Little Rooster's Diamond Button

Little Rooster’s Diamond Button retold by Margaret Read MacDonald, illustrated by Will Terry.

A great story for reading aloud and storytelling, this picture book captures the rambunctious spirit perfectly.  Little Rooster finds a diamond button but before he can take it home to his mistress, he is stopped by the King who takes away the button and claims it for himself.  But the Little Rooster goes to the kingdom and demands the button be returned.  The King disagrees and has the rooster thrown into a well.  Now the story takes a major turn and readers discover that the Little Rooster has a magic stomach!  He drinks up the water in the well.  The King next order the rooster thrown into the fire, but the rooster uses his stomach again and pours the water from the well onto the fire.  They try to throw the rooster into a beehive but the rooster eats up the bees with his magic stomach.  And I wonder if you can guess what happens next?

The retelling is joyously fun to read aloud, filled with great rhythm, repeating patterns, and humor.  The illustrations are equally vivid with their bright colors.  The pop-eyed rooster is lusciously colored and the pictures don’t shy away from the spectacular nature of his magic stomach.  Terry has created a world filled with colors that zing and dance as much as the story itself does.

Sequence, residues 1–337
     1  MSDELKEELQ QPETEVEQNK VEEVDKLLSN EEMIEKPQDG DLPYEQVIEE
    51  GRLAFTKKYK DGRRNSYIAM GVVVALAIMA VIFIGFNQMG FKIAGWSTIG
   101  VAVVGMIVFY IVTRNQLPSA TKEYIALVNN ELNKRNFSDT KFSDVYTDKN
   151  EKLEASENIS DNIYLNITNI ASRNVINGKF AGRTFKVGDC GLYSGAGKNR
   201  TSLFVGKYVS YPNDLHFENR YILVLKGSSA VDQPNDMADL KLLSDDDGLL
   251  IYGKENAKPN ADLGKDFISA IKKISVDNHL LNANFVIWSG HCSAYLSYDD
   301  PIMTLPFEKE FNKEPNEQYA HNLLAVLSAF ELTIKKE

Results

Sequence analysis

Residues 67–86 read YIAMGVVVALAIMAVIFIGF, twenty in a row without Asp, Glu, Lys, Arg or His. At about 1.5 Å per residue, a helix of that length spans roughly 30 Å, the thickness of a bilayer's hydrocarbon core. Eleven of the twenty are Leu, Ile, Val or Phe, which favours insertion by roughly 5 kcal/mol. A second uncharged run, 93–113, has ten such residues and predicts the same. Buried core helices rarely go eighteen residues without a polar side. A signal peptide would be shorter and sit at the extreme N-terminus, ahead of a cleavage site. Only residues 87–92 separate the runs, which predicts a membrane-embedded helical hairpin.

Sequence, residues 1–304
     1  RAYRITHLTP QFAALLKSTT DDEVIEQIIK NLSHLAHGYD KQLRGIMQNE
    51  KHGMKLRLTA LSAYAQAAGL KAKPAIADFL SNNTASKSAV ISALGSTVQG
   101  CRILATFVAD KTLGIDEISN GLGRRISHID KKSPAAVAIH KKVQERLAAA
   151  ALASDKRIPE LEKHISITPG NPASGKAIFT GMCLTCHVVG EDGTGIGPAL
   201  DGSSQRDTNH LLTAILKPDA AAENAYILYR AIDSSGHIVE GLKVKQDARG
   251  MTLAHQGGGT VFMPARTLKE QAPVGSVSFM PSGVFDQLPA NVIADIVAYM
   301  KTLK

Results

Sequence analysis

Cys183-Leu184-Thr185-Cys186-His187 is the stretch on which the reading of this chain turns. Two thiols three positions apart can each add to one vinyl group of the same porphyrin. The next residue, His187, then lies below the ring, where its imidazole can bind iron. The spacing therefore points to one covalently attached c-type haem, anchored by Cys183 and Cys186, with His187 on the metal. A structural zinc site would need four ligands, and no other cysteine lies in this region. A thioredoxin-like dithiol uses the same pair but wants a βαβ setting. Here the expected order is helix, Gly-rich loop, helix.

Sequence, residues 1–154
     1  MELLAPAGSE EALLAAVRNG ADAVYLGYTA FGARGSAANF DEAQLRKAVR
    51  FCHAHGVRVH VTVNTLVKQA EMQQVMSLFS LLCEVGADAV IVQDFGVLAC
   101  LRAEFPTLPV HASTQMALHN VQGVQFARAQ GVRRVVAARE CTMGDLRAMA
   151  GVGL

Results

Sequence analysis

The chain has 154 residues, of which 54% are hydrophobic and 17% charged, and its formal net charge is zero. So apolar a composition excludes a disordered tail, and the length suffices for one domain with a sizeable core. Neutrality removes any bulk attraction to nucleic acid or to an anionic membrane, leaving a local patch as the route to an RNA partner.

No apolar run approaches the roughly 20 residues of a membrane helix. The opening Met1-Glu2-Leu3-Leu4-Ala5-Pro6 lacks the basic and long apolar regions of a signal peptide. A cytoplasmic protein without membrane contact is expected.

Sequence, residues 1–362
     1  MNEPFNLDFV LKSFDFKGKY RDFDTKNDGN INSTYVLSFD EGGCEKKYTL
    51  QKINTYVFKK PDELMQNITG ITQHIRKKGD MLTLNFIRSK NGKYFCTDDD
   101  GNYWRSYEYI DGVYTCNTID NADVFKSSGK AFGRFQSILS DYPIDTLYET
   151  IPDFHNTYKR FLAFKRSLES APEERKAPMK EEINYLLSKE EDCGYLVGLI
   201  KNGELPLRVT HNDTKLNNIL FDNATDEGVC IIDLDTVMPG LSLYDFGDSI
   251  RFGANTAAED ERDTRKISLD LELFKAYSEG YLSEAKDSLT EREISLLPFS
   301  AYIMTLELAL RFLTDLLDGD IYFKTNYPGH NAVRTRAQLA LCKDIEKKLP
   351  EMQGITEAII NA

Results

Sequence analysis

Highly recommended for reading aloud in your next preschool story time about chickens or birds.  This one is a certain winner that will have children eager to listen.  Appropriate for ages 4-8. 

The Wishing Club

The Wishing Club: a story about fractions by Donna Jo Napoli, pictures by Anna Currey.

When Petey wishes on a star for a dollar, he ends up finding a quarter instead.  His little brother wishes for a cookie, but gets half a cookie instead.  His twin sisters each wish for a bag of marbles and each ends up with 10 marbles, 1 eighth of a bag.  The star turns out to be a comet and on the final day it will be visible, the children come up with a plan to put their fractions together into one big wish to get one whole thing.

So many math-based picture books are more about the cleverness of the math than the quality of the story, but Napoli has created a math book with heart and magic.  A large part of it is the strength of her writing and the wonder of the characters at what is happening.  The illustrations work with this wonder in their soft washes that make it seem as if anything is possible. 

Highly recommended for classrooms working with fractions, this book works well as a read-aloud at any time.  Appropriate for ages 4-7.